Until such time as a Million Golfer March cripples London’s transport system and forces the PM to change his mind, I’m also thinking of Plan B.

A few weeks ago, I announced a plan to turn my garden into a shooting estate in which visitors could pay to train their shotguns on the squirrels and pigeons that colonise the back of my house. That didn’t get very far. I was overwhelmed with Twitter hate mail and animal rights protesters demonstrating on my front lawn, much to the distress of my neighbours.

But my latest wheeze might have more success. Since my next-door neighbour is also a golfer, I’m thinking of approaching him to suggest that we turn our gardens into a driving range. There’s a hedge between them, but with a bit of netting we can avoid too much damage. We can then take turns pitching golf balls into each other’s gardens. To avoid injury from incoming golf balls, we could rig up a fog horn – or whatever the Army uses to warn bystanders that they’re about to start a tank bombardment on Salisbury Plain – that announces our intentions.

With a bit of luck, there might be other golfers further down the road who would like to get involved. That way, we could cater for every length of shot. As for the cost of repairing greenhouses and windows for those whose properties are on the flight path, we could charge fees for the use of our range, and the revenue could be used for that purpose.

I can’t think of a better time to do this. After all, who but a mad person ventures into their garden in November? Admittedly, there are still a few details to be ironed out, such as signing up my neighbour and the folks down the road, persuading everyone else in the neighbourhood to stay indoors for a month, and hiring a couple of needy adolescents to retrieve stray balls.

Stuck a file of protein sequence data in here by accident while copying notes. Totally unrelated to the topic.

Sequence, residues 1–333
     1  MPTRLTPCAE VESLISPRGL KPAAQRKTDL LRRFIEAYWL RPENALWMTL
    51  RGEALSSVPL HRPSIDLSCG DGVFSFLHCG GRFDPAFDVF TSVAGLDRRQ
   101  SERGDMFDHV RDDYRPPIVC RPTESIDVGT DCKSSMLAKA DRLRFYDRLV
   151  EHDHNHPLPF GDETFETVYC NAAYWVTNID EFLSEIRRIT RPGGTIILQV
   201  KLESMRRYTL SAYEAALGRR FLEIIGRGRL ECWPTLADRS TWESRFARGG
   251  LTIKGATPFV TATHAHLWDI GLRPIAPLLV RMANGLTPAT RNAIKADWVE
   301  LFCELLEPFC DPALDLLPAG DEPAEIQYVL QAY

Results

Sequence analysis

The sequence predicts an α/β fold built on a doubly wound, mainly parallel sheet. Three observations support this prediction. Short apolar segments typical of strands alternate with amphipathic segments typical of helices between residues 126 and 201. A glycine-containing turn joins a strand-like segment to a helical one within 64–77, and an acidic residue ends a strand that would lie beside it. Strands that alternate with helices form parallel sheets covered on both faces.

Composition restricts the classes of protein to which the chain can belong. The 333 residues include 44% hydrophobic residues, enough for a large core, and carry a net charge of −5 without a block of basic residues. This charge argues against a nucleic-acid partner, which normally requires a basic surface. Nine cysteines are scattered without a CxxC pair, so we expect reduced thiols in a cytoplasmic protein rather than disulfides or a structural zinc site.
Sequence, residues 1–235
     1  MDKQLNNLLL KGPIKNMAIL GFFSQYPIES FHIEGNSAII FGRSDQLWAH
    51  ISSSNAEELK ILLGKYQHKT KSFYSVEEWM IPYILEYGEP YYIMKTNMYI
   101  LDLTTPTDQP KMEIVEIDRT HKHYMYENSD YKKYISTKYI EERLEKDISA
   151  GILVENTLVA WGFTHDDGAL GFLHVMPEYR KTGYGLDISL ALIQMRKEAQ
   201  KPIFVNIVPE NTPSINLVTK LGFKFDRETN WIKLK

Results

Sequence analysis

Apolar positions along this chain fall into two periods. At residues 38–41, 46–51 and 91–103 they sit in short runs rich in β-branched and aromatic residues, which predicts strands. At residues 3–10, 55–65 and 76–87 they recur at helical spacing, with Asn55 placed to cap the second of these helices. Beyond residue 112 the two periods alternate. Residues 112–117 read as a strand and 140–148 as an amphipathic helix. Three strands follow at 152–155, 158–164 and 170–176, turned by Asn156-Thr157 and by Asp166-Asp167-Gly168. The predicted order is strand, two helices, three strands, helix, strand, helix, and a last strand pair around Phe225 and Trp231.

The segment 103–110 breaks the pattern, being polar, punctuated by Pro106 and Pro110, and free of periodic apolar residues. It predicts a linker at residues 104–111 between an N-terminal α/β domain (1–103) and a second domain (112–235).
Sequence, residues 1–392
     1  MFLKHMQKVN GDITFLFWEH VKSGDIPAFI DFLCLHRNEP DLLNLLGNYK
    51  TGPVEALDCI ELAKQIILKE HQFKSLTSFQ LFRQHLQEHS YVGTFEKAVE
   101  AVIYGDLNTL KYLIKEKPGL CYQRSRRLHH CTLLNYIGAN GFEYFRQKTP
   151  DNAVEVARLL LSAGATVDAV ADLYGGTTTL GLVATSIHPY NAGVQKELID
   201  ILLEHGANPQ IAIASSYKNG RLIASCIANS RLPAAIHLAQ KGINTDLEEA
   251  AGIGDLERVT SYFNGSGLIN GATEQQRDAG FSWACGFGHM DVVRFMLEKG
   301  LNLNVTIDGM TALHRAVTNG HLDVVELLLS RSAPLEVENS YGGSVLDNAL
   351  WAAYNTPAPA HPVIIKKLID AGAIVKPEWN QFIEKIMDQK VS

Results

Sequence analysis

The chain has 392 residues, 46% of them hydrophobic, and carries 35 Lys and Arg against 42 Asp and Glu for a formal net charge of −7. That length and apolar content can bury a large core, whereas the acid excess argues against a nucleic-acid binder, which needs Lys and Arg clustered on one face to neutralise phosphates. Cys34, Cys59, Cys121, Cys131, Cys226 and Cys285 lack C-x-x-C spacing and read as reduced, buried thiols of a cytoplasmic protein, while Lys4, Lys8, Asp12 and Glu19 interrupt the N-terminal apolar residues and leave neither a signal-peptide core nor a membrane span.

But all in all, as a plan, it definitely holds together.

In case you’re thinking that this scheme is, er, a little left field, fear not. There’s plenty more to come. Lockdown 2 is only just beginning. It’s surely a time for creative thinking, is it not?

Don’t fight ageism. Become immune to it.

M-T-Cicero.jpg

In yesterday’s post about my first online conference as a speaker, which I survived despite struggles with technology, I promised to post an edited version of the stuff I said about ageism, and how to become immune to its worst effects.

Here it is. It was written for a professional audience, so not all the advice will apply universally. It’s also quite long, but with lockdowns in force in various parts of the world, for many of us, time is probably a more ample commodity than it normally is, even if patience is not. Anyway, feel free to dip in:

“Cicero (above) is one of my favourite personalities from the ancient world. In an essay on aging, he wrote:

“It’s not by strength or speed or swiftness of body that great deeds are done, but by wisdom, character and sober judgment. These qualities are not lacking in old age but in fact grow as time passes.”

Much as I agree with his sentiments, I’m afraid he didn’t live up to them. His fatal error of judgement, sober or otherwise, was to talk too much about the wrong people. And for that, Mark Antony, with the consent of the politician who later became the Emperor Augustus, had him decapitated, and his severed hands displayed in the Roman Forum, proof that he would never write again.